At any rate, all this makes a kind of necessary introduction to Curnow’s poems in Radar. Here the aim, at least of the first poems, is to revisit not night-time childhood terrors but the experience of childhood itself. It takes place in Pinnaroo, a small town in South Australia near the Victorian border, and many of the poems focus on the parents – the father a minister in what seems like a pentecostal sect. The very first poem, “The Curtain”, has, as an epigraph, the address of the church in Pinnaroo on which the poem is based as an inviting Google Earth reference: I recommend following it. The poem itself justifies its pre-eminent position by being a complex meditation about the way in which we emerge from childhood into public life and the way in which the history of places can induce responses in us. In other words, I read this poem as a transition between the world of The Ghost Poetry Project – the internal horrors which make us receptive to suspicions of new, external horrors – and the world of being a public, performing writer who both exploits and exorcises these demons. At the conclusion of the poem, the curtain that the child is wrapped in (“I looked like a crimson bell, or a strange reminder / of my own breech birth . . .”) opens out:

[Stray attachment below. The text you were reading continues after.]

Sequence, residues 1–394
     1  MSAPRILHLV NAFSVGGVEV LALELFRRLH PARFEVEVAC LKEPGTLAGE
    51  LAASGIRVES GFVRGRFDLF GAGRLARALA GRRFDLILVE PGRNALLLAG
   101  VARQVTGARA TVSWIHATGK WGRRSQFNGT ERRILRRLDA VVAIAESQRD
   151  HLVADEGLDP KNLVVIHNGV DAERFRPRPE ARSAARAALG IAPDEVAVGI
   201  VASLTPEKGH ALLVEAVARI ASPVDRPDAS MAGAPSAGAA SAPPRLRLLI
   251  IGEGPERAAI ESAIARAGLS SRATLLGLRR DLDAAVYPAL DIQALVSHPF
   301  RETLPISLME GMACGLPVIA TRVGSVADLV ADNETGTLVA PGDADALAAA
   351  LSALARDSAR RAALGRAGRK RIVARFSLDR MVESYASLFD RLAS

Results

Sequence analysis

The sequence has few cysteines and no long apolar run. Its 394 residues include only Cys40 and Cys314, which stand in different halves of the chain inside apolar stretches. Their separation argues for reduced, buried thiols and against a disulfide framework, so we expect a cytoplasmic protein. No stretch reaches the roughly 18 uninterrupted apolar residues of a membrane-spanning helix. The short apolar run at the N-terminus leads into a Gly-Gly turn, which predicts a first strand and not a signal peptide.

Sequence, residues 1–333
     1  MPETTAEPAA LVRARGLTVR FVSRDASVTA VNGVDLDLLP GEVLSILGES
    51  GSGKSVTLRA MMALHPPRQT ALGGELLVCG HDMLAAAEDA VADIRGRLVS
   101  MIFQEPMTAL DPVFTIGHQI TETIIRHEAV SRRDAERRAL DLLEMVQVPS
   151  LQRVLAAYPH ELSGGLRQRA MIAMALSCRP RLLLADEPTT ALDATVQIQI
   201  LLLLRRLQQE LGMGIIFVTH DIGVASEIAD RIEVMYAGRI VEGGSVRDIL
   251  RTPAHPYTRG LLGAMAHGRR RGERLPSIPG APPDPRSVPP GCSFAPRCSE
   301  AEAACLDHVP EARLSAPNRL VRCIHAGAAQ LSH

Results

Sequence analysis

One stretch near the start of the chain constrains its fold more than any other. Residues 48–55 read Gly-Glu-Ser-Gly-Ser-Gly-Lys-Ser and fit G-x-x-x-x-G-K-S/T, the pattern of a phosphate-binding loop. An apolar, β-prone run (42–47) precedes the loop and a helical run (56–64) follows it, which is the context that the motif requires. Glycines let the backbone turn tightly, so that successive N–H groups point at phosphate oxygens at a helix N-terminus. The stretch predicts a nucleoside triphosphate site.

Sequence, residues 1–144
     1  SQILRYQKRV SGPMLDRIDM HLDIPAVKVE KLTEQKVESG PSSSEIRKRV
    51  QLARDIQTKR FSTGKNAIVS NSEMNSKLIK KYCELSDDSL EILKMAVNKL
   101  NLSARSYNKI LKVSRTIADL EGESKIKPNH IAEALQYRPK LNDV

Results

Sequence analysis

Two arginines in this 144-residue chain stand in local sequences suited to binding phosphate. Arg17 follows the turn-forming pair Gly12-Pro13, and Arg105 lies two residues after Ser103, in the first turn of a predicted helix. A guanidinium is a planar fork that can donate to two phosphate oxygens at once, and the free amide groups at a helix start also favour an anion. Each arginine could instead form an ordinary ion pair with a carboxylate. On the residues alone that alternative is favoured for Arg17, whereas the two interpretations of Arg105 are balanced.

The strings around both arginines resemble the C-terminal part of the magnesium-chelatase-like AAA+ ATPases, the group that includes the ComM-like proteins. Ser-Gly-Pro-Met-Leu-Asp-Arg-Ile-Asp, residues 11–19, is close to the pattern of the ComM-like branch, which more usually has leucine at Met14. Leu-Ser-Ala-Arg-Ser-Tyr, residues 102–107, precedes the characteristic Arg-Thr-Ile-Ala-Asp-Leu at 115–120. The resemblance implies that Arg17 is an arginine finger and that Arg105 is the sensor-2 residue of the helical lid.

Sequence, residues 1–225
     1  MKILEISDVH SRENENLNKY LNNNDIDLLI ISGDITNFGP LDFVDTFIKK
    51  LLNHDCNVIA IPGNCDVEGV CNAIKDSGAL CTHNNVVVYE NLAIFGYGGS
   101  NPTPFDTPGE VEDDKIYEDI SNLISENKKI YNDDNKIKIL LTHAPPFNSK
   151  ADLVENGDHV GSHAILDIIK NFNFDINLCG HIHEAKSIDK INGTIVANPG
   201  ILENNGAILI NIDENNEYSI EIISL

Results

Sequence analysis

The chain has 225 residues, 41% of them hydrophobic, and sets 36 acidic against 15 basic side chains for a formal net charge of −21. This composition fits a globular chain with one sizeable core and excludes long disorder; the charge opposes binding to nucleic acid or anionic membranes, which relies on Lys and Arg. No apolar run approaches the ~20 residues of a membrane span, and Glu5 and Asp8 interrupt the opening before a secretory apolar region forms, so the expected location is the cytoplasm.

I belonged to the boards, to the fabric that slipped
away from me once again, turning until it spread itself wide,
introducing me to the world. Who would be there?
What to say? A yearning I understood - the magic burn
of anticipation bound in faith, belief and trust - to convert
an audience, to be converted by the strength of a fallible dream,
hoping that what will be revealed is worthy
of the curtain opening.